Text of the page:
Tuesday, September 9, 2014

Who Would Have Known?

It's Tuesday so stop by Two Writing Teachers to join tonight's link-up and conversation.  There's something about moving from blog to blog to savor the little stories that make us smile.  Thanks to Julie Johnson for helping me get my fingers on the keyboard tonight with her post, Nourishing the Teacher Writer.  

Growing up, I was not a sports fan.  Hardly able to dribble a ball and chew gum at the same time, I just never took to sports.  My physical education teachers were patient with my challenges.  I worked hard. I tried.  I listened.  Somehow it just never seemed to work.  My friends were all big athletes so I spent my time keeping statistics for teams so I could hang out with them.  Living in a small football town you can imagine the complications of growing up uninterested in sports.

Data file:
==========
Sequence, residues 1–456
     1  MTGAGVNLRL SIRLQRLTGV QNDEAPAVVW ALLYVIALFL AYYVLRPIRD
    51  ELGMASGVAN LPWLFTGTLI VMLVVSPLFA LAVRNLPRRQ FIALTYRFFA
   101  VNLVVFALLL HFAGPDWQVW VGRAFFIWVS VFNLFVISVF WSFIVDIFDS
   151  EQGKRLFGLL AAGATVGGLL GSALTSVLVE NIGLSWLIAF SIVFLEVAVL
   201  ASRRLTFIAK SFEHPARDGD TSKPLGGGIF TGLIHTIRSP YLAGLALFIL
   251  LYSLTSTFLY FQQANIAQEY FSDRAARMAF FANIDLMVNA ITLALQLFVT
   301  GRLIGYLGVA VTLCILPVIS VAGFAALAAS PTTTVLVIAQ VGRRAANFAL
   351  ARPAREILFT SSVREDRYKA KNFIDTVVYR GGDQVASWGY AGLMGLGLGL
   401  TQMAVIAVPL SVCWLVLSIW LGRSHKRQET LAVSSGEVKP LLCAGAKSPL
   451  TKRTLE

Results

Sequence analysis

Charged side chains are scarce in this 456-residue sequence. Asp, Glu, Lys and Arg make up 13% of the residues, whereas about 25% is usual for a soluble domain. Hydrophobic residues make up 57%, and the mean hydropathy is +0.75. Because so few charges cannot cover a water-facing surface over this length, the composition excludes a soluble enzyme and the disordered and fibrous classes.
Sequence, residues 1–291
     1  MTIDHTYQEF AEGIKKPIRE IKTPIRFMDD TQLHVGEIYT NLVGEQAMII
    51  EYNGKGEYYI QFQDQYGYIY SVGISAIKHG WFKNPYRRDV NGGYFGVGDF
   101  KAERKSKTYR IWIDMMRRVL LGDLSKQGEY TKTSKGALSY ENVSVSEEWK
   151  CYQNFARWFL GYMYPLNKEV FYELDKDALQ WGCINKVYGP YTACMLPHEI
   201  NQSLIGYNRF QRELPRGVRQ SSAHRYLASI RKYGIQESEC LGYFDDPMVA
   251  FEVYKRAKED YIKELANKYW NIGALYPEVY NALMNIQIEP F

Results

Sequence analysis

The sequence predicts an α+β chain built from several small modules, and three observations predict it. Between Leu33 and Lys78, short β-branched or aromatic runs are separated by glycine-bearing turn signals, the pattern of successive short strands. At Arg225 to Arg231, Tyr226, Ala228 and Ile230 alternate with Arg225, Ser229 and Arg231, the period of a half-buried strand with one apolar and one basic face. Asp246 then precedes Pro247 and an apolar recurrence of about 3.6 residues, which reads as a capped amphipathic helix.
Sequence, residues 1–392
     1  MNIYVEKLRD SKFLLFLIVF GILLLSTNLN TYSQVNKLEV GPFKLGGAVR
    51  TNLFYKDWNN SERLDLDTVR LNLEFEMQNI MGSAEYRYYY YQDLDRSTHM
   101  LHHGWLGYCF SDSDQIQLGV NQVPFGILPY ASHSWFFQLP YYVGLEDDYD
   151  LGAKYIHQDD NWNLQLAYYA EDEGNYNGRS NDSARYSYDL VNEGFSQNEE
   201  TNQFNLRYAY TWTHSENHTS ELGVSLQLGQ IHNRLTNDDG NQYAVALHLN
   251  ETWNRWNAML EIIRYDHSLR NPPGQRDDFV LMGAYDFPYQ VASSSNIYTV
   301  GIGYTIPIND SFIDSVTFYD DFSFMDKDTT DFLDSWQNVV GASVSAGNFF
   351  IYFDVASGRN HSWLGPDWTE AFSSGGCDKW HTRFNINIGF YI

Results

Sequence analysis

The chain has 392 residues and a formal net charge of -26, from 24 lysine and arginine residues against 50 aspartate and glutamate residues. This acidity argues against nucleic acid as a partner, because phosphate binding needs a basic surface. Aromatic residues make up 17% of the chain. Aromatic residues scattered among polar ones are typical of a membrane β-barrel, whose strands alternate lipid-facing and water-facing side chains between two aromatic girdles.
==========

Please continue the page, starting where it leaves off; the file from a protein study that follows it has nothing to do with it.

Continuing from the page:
The challenges didn't end on the field.  I had to learn to handle sports fans in my everyday world as well.  One of my best friends was a sports fanatic both on and off the court.  It seemed at her house there was always a game of one kind or another on the television with family members cheering for their favorite teams.  My grandma listened to baseball religiously.  I'd laugh at her kitchen coaching, but still I just wasn't a fan.

Last fall my son talked me into joining a family fantasy football league.  I laughed at the idea, but I joined in hopes of learning a bit about the sport along the way.  In order to avoid being the laughing stock of the family, I raced out and purchased a fantasy football magazine (those things are ridiculous in price!) and started searching the internet for draft tips.  I thought I had a strategy, but when selections begin to fly all of that goes out the window.